Date of Award

January 2020

Document Type


Degree Name

Master of Public Health (MPH)


School of Public Health

First Advisor

Jacob Wallace


Background: High health care costs have led to an unprecedented number of policy proposals to reform the United States health care system. Proponents of Medicare For All (M4A) argue that a single-payer system would reduce costs by allowing the government to obtain better prices from providers. M4A would have varying effects on sources of hospital revenue, increasing some payment while decreasing others. This paper explores the differential effects of M4A on hospital income.

Methods: This paper uses data from CMS’s Healthcare Cost Report Information System (HCRIS) to create a baseline model reflecting hospital revenues and costs under current hospital payment policy. Then, estimates from the literature are used to inform parameter of a counterfactual model of hospital finances under M4A. Changes in hospital finances reflect changes in costs associated with a simplified billing system, while changes in revenue arise from using Medicare payment rates for patients covered by Medicaid, CHIP, commercial insurance, and uninsured patients under current hospital payment policy.

Results: Under the M4A counterfactual, 33% of hospitals have positive net income from services to patients, compared to the 38% with positive net income in the baseline model. Using a multiple linear regression to analyze factors associates with change in hospital revenue, this analysis finds that rural hospitals experience a 2.7% reduction in revenue under the counterfactual while critical access hospitals experience a 31.6% increase. For-profit hospital ownership is associated with an increase in revenue of 3.3% and government-owned hospitals see an increase in revenue of 12.3% from the counterfactual policy. Finally, being a teaching hospital is associated with a 4% increase in revenue.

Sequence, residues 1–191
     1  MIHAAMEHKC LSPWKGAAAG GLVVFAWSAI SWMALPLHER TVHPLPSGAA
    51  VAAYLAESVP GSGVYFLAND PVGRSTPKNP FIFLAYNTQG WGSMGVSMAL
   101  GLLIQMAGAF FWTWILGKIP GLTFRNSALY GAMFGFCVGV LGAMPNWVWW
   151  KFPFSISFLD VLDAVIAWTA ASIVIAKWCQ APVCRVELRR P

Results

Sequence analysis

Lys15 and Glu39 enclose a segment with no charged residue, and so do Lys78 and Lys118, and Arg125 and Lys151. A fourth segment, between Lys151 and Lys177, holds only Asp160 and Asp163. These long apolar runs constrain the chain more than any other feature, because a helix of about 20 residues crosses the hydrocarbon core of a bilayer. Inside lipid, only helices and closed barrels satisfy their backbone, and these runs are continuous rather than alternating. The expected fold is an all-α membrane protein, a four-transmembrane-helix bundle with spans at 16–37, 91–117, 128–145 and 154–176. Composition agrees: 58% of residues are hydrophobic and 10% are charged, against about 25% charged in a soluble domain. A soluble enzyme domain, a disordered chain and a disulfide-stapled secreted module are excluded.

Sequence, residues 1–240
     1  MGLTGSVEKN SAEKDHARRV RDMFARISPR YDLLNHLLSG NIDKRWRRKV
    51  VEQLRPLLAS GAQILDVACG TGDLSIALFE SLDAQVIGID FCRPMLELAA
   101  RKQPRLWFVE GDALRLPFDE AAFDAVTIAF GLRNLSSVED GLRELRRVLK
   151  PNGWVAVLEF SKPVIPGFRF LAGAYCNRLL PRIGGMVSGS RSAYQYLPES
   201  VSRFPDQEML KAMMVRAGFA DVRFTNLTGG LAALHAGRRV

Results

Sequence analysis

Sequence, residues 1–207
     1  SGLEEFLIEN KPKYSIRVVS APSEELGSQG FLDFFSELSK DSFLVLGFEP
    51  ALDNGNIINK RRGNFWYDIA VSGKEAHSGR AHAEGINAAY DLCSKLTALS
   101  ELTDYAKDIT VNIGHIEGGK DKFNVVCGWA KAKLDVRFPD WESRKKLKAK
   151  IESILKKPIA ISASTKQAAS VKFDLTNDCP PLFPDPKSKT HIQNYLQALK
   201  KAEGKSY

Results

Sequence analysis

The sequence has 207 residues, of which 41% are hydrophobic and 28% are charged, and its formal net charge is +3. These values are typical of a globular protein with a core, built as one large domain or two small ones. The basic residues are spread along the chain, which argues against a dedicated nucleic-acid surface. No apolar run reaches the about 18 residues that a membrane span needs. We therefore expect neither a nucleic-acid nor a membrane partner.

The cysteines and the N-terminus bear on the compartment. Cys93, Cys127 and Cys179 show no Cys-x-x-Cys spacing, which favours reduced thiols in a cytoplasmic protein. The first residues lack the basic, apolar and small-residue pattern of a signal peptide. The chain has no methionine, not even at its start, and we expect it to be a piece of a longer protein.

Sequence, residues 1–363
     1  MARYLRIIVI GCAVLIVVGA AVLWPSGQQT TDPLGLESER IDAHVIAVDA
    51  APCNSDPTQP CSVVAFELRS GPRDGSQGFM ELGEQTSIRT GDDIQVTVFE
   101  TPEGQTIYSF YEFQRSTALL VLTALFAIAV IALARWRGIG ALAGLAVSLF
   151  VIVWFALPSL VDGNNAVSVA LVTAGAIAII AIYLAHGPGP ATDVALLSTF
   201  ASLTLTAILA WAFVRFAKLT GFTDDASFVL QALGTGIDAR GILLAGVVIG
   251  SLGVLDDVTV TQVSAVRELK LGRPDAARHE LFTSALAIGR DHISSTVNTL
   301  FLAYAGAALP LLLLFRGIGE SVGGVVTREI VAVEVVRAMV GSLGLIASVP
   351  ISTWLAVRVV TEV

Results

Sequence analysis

Conclusion: This exercise finds that a single-payer system would have drastically different effects on hospitals across the nation. While many hospitals would lose money, quite a few would also earn more money. This contrasts with dire warnings about M4A being catastrophic for hospital net income.


This thesis is restricted to Yale network users only. It will be made publicly available on 05/27/2022